I saw this film recently on Sundance (or IFC) after not seeing it for years. It's a really perplexing work. As a time capsule, it's fascinating. It was shot in NYC in 1980 when the city was dying all around, and many of these gay "meat markets" were in full swing. The gay bar scenes are incredibly intense and realistic, and they can still shock most viewers today. The film has a real dirge, detached atmosphere to it, giving it an unexplainable vibe. The dialogue is flatly rendered, and at first I disliked this. This may have been due to gay groups very loud protests during the actual shooting. While they were location shooting in NYC, various gay groups disturbed the filming by shouting, whistling, blowing off sirens, etc., etc., in other words, they made sound recording almost impossible. On the featurette (which is fascinating), the producer and Friedkin said they took a month and a half to do ADR (automatic dialogue replacement) on the film. I believe gay groups were angry that the "leather scene" was the only type of gay subculture portrayed in the film, and I understand their concerns, but that was no reason to attempt and stop the film being made, which is essentially what they did.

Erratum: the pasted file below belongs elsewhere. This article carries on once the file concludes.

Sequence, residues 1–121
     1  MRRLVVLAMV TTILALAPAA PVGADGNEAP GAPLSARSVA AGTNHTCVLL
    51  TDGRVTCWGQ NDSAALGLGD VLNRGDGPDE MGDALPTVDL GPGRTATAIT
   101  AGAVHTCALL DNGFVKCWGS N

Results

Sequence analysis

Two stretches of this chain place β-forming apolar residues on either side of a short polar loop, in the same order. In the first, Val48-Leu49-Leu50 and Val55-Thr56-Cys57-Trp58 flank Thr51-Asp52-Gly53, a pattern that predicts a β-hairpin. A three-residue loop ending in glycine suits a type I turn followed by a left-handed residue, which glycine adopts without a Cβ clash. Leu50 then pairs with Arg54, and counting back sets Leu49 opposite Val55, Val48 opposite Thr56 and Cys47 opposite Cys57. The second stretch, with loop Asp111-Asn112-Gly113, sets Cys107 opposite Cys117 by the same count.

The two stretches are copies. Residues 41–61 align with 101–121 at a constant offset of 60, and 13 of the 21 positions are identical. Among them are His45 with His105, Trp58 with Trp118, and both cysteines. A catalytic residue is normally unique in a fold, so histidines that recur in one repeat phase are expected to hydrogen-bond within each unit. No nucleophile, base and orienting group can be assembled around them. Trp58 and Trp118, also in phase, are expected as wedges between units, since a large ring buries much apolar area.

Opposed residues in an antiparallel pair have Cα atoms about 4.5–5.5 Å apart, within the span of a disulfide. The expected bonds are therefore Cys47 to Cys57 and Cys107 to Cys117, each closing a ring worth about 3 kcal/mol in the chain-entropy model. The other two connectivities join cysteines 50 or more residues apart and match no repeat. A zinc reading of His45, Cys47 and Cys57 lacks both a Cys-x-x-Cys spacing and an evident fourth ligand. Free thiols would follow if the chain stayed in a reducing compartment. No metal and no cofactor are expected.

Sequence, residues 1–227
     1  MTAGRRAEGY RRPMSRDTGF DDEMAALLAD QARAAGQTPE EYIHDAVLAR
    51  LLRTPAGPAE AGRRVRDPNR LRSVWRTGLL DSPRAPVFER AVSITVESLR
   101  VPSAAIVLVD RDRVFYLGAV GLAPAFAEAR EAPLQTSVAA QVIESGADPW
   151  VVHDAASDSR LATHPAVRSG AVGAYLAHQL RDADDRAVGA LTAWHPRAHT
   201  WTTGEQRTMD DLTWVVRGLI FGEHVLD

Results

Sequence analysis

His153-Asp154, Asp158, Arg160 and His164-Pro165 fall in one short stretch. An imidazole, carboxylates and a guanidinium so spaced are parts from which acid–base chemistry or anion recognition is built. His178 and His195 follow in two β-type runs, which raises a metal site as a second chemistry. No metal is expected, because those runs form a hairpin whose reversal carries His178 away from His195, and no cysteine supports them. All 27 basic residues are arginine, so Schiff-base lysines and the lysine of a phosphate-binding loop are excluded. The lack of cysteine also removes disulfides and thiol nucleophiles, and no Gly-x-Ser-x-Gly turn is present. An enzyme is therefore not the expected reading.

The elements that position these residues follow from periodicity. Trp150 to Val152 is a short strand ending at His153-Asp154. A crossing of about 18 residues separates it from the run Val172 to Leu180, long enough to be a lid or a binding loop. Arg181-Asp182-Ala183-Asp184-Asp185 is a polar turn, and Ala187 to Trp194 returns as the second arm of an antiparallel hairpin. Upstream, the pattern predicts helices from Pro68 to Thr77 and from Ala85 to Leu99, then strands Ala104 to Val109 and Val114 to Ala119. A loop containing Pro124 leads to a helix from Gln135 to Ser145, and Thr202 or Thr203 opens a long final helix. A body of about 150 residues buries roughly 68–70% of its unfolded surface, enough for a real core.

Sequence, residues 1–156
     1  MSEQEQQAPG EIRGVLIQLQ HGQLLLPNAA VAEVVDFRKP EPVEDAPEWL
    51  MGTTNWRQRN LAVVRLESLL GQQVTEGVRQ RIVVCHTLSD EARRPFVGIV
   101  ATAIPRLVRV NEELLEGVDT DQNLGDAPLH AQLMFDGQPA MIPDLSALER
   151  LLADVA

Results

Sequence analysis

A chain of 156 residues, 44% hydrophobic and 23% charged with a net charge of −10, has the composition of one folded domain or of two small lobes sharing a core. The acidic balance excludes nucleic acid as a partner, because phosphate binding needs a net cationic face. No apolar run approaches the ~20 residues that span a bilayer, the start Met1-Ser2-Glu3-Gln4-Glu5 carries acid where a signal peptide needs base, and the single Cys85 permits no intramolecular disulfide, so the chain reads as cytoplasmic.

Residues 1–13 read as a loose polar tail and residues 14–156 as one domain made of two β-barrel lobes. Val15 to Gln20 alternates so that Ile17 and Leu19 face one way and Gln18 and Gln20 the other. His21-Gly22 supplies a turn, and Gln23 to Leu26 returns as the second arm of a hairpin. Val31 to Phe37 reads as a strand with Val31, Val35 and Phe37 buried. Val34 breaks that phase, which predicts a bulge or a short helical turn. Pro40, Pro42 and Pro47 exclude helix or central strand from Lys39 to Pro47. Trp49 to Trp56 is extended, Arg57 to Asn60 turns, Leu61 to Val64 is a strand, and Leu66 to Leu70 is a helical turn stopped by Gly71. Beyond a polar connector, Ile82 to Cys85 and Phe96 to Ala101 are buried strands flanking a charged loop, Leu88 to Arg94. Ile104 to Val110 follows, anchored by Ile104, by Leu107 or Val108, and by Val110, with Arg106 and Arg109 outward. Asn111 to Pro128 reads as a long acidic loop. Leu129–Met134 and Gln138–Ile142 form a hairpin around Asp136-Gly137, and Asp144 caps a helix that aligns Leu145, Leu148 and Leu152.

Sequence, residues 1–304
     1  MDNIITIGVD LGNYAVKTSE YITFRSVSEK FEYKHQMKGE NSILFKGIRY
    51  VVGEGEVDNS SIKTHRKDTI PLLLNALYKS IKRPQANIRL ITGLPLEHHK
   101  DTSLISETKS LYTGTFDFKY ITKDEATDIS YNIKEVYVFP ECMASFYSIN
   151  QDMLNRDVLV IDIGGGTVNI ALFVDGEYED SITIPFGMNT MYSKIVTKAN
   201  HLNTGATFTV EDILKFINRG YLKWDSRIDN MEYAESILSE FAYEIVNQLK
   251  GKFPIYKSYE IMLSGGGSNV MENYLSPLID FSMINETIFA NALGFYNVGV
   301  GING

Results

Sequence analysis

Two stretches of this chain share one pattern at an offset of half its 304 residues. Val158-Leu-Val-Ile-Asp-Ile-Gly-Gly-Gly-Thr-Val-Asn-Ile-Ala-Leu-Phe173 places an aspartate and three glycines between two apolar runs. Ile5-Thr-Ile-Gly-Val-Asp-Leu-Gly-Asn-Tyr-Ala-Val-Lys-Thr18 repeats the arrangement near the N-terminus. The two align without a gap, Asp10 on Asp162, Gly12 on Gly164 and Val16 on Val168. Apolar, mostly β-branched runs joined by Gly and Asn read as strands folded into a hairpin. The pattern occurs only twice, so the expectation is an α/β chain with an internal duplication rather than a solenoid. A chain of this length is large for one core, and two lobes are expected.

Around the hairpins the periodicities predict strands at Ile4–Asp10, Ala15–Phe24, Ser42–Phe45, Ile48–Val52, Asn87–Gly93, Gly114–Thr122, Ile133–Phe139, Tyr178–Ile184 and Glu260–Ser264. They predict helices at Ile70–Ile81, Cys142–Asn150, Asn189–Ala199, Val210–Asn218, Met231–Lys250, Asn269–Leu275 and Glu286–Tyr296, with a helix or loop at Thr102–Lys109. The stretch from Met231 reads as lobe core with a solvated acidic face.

The film's plot isn't particularly well developed, and Pacino's character is mostly confused (as is his performance, which supposedly he was unhappy with). Friedkin made one of the greatest gay films ever with The Boys in the Band, but here his film feels exploitative, like he enjoyed showing the bondage/leather gay scene of NYC instead of showing relatively straightforward gay people. The film feels unfinished, but not by design. The only deliberate ambiguity I feel is the ending. SPOILER. The killer is caught, but a murder happens after the killer is caught which is indirectly connected to the case, and that really leaves a creepy vibe when the film ends.
Look quickly for James Remar and Ed O'Neil as a gay roomate and a detective, respectively. The film is worth watching at least once, but it's not a "lost masterpiece".